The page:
0 ( +2 / -2 )

I'd suggest you look into the difference between volcanic and tectonic earthquakes. I asked the other day if there was any evidence of volcanic earthquakes causing significant damage as they are typically localized. The larges under st Helens is a 5.5 because there is a difference in pressure release and magma moving.

Pyroclastic flows will affect me in New Zealand far greater than they will affect the nuclear power plant.

I'd your only concern is a tectonic earthquake like we saw in Tohoku then it isnt relevant to an article on a volcano and further evidence that Sakurajima is not of any concern to the nuclear plant.

0 ( +3 / -3 )

but did not need to take any special precautions after authorities warned of the risk of a larger-than-usual eruption.

First thet start restarting the reactors against public sentiment - and then ignore the need to operate them safely. Their arrogance and crass incompetence is astonishing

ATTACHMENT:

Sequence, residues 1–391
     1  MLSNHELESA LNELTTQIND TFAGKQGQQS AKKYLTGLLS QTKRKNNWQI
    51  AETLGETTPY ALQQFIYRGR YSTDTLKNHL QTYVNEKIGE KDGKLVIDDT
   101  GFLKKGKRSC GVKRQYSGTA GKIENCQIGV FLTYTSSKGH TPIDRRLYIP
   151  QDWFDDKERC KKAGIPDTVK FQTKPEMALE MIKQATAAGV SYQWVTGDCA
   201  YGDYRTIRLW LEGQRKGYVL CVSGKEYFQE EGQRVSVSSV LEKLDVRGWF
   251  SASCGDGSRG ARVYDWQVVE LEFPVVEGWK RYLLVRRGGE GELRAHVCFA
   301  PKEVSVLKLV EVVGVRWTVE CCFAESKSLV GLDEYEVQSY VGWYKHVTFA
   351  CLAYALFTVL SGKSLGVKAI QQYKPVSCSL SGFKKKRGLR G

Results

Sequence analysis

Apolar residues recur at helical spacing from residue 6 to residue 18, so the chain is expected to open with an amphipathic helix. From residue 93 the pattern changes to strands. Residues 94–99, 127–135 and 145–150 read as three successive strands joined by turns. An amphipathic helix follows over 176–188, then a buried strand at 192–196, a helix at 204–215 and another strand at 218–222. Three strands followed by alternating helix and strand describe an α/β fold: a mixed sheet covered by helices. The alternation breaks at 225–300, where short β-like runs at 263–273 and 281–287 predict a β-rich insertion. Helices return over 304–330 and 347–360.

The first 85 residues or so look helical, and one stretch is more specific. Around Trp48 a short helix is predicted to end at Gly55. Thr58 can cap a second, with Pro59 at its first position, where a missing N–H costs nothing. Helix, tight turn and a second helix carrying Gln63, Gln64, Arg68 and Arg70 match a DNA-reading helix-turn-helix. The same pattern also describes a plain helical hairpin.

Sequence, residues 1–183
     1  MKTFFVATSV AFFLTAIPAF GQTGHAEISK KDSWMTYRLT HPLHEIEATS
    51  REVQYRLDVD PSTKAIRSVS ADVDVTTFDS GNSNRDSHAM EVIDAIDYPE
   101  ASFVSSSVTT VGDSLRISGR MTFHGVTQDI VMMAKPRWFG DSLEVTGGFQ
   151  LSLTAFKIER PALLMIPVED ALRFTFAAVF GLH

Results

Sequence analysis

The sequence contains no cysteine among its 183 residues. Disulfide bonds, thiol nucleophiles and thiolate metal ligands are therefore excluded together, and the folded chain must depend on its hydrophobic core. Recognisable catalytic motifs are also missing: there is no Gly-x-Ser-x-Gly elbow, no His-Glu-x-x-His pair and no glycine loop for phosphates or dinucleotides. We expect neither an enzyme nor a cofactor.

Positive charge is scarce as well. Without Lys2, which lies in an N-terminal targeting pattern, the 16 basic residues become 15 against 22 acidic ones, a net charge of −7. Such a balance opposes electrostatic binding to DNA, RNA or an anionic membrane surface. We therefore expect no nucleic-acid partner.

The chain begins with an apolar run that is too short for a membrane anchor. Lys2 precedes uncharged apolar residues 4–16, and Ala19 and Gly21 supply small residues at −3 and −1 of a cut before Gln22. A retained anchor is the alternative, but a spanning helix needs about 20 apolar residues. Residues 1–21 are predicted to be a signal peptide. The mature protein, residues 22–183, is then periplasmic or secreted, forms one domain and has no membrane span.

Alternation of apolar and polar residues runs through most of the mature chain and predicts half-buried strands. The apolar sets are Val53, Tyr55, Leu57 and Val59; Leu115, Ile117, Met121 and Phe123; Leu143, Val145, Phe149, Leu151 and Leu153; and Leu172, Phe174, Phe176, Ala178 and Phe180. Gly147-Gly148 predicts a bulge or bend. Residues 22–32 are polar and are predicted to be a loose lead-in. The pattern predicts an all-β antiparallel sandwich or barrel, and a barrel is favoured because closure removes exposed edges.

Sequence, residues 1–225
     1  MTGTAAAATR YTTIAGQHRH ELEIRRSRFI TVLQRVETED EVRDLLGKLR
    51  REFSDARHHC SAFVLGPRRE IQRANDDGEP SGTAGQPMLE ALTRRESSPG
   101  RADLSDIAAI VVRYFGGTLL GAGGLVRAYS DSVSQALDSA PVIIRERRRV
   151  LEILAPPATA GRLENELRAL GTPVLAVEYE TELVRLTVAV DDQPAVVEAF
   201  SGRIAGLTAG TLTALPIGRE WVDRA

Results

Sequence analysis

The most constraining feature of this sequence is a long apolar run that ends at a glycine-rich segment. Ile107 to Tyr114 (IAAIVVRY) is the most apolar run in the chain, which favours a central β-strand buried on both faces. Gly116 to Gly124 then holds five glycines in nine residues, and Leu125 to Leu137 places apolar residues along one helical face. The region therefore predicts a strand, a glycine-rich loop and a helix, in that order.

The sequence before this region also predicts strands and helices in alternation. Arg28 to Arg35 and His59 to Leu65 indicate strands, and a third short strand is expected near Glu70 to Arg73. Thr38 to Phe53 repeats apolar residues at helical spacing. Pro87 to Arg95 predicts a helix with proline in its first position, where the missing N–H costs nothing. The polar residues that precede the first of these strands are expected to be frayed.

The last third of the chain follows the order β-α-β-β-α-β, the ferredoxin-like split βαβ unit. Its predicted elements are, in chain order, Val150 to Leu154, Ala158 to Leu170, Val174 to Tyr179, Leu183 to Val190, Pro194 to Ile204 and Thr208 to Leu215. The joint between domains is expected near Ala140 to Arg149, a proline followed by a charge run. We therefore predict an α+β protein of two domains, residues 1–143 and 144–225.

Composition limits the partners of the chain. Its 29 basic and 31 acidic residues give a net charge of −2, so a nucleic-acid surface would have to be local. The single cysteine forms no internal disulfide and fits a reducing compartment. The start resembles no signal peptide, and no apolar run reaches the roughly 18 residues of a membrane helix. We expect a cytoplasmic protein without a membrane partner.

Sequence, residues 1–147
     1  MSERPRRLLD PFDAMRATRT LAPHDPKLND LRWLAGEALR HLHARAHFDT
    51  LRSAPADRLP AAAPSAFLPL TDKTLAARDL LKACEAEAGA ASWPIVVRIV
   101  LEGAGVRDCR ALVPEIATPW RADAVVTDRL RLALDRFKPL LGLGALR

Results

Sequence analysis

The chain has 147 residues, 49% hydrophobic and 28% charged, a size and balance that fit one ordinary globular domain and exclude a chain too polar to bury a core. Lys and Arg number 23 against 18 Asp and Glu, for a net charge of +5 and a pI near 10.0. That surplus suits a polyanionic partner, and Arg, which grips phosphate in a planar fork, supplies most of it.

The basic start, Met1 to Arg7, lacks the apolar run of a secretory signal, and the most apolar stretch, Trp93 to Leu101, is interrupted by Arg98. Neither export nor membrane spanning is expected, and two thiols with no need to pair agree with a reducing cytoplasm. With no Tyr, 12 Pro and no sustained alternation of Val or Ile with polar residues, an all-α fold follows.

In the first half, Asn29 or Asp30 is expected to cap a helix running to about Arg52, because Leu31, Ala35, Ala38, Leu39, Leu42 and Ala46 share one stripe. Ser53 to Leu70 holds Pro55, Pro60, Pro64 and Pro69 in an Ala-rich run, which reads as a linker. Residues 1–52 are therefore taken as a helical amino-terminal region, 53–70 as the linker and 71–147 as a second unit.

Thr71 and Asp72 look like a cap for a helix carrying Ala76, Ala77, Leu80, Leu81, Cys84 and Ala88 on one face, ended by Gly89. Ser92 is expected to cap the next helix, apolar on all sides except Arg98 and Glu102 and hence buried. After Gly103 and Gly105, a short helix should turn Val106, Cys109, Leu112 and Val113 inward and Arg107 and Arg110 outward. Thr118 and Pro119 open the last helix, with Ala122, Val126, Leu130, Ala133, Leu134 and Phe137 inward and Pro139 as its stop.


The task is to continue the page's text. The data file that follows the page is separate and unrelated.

2 ( +2 / -0 )

The danger was always nearby calderas.

An interesting article here:

http://www.anti-atom.ru/en/node/5789

0 ( +0 / -0 )

Kyushu Electric says no special precautions needed over volcano

noooooo! of course noooooot!! What are we ALL thinking!?!?!?!?

0 ( +1 / -1 )

Login to leave a comment

Facebook users

Use your Facebook account to login or register with JapanToday. By doing so, you will also receive an email inviting you to receive our news alerts.

Facebook Connect

Login with your JapanToday account

User registration

Articles, Offers & Useful Resources

A mix of what's trending on our other sites